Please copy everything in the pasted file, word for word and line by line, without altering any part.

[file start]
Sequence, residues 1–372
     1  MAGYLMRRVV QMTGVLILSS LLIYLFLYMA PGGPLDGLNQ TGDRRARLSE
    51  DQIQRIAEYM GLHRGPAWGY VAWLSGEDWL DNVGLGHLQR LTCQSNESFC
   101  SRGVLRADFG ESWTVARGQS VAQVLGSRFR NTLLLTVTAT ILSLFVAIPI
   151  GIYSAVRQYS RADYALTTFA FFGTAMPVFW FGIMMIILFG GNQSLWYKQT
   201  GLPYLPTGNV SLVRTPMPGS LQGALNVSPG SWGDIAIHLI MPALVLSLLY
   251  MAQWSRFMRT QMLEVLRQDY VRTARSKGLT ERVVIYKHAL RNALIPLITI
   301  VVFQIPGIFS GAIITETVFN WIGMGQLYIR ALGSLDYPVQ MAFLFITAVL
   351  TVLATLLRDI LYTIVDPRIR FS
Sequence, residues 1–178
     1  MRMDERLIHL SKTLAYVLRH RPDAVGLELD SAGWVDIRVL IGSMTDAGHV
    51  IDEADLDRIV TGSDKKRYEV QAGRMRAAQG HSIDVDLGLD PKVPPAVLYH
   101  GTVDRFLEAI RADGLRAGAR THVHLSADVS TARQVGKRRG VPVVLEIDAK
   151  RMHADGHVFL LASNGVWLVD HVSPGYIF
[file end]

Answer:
Sequence, residues 1–372
     1  MAGYLMRRVV QMTGVLILSS LLIYLFLYMA PGGPLDGLNQ TGDRRARLSE
    51  DQIQRIAEYM GLHRGPAWGY VAWLSGEDWL DNVGLGHLQR LTCQSNESFC
   101  SRGVLRADFG ESWTVARGQS VAQVLGSRFR NTLLLTVTAT ILSLFVAIPI
   151  GIYSAVRQYS RADYALTTFA FFGTAMPVFW FGIMMIILFG GNQSLWYKQT
   201  GLPYLPTGNV SLVRTPMPGS LQGALNVSPG SWGDIAIHLI MPALVLSLLY
   251  MAQWSRFMRT QMLEVLRQDY VRTARSKGLT ERVVIYKHAL RNALIPLITI
   301  VVFQIPGIFS GAIITETVFN WIGMGQLYIR ALGSLDYPVQ MAFLFITAVL
   351  TVLATLLRDI LYTIVDPRIR FS
Sequence, residues 1–178
     1  MRMDERLIHL SKTLAYVLRH RPDAVGLELD SAGWVDIRVL IGSMTDAGHV
    51  IDEADLDRIV TGSDKKRYEV QAGRMRAAQG HSIDVDLGLD PKVPPAVLYH
   101  GTVDRFLEAI RADGLRAGAR THVHLSADVS TARQVGKRRG VPVVLEIDAK
   151  RMHADGHVFL LASNGVWLVD HVSPGYIF